Regards,
Kashyap
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Yves Parès | 22 Mar 18:15 2011
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Re: Looking for feedback on my attempt at a tree construction edsl

You could turn 'insertSubTree' into and operator, and shorten "insertLeaf"

createTree = do
    "Fruits" +> do
                leaf "Apple"
                leaf "Mango
    "Arbitrary" +> do
                   leaf "1"
    -- and so on...

It's a little bit more concise.
But I fail to see the use of TreeContext being an instance of Monad.

2011/3/22 C K Kashyap <ckkashyap <at> gmail.com>
Hi,
With my "edsl", one can describe a tree like this -

import TreeEdsl
import Data.Tree

createTree :: TreeContext String ()
createTree = do
insertSubTree "Fruits" $ do
insertLeaf "Apple"
insertLeaf "Mango"
insertSubTree "Arbitrary" $ do
insertSubTree "Numbers" $ do
insertLeaf "1"
insertLeaf "2"
insertLeaf "3"
insertSubTree "Letters" $ do
insertLeaf "A"
insertLeaf "B"
insertLeaf "C"
return ()
main = do
tree <- process "root" createTree
putStrLn (drawTree (fmap show tree))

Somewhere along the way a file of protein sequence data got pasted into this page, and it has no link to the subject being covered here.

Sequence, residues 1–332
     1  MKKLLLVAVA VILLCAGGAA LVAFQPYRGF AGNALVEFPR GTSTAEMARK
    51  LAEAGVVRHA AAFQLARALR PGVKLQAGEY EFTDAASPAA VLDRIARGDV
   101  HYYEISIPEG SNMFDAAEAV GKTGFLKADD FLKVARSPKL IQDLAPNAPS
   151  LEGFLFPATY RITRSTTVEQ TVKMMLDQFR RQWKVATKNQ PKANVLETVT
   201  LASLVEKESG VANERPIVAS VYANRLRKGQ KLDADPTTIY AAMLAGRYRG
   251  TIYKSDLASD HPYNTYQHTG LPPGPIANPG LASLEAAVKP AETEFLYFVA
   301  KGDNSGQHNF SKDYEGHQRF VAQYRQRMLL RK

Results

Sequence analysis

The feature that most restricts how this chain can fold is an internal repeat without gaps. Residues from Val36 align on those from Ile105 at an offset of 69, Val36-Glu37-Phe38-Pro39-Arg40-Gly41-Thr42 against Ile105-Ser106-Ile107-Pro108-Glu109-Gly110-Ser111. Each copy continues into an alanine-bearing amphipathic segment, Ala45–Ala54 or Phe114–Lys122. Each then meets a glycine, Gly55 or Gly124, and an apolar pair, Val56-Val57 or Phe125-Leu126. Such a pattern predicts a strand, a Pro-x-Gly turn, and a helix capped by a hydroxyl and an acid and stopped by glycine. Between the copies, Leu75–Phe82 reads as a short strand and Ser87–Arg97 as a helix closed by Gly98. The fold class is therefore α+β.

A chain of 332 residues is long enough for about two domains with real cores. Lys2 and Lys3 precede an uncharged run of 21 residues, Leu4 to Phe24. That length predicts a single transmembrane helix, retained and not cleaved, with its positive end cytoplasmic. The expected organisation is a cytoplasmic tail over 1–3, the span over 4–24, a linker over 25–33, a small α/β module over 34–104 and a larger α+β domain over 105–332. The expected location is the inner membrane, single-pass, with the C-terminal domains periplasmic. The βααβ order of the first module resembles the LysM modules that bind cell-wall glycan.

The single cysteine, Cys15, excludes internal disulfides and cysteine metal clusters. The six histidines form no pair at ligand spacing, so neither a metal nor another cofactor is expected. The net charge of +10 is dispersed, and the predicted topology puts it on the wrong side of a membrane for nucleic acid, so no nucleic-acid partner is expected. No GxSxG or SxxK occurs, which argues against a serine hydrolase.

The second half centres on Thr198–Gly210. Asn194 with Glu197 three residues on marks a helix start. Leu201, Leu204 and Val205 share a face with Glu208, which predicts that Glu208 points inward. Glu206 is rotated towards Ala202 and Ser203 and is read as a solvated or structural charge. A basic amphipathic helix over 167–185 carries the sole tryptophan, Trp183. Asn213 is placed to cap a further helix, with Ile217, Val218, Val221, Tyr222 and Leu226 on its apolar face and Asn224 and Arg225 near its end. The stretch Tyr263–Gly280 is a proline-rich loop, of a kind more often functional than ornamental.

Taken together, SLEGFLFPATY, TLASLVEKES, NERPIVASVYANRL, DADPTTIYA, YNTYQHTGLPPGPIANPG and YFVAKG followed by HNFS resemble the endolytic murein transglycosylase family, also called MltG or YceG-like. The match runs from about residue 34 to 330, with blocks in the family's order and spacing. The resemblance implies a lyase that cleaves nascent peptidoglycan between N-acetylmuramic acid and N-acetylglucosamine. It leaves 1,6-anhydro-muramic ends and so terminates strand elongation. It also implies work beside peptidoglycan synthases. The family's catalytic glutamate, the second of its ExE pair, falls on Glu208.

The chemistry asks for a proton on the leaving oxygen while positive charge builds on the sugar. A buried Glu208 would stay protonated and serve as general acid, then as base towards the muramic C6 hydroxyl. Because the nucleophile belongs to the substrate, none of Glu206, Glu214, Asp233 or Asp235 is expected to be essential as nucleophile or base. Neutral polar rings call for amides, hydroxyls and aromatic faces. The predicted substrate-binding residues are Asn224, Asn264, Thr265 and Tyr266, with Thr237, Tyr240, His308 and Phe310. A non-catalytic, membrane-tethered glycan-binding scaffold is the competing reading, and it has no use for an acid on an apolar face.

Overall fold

return ()


and get a tree like this - 

"root"
|
+- "Arbitrary"
|  |
|  +- "Letters"
|  |  |
|  |  +- "C"
|  |  |
|  |  +- "B"
|  |  |
|  |  `- "A"
|  |
|  `- "Numbers"
|     |
|     +- "3"
|     |
|     +- "2"
|     |
|     `- "1"
|
`- "Fruits"
   |
   +- "Mango"
   |
   `- "Apple"

 

I'd appreciate your feedback on this. Does this qualify to be a edsl?

Regards,
Kashyap

_______________________________________________
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Haskell-Cafe <at> haskell.org
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Edward Kmett | 22 Mar 20:20 2011
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Re: Looking for feedback on my attempt at a tree construction edsl

If you add an instance of IsString to handle leaf construction you can get it down to


    "Fruits" +> do
       "Apple"
       "Mango"
    "Arbitrary" +> do
       "1"
       "..."

But I also don't see the point of doing this in a monad.

-Edward

On Tue, Mar 22, 2011 at 1:15 PM, Yves Parès <limestrael <at> gmail.com> wrote:
You could turn 'insertSubTree' into and operator, and shorten "insertLeaf"

createTree = do
    "Fruits" +> do
                leaf "Apple"
                leaf "Mango
    "Arbitrary" +> do
                   leaf "1"
    -- and so on...

It's a little bit more concise.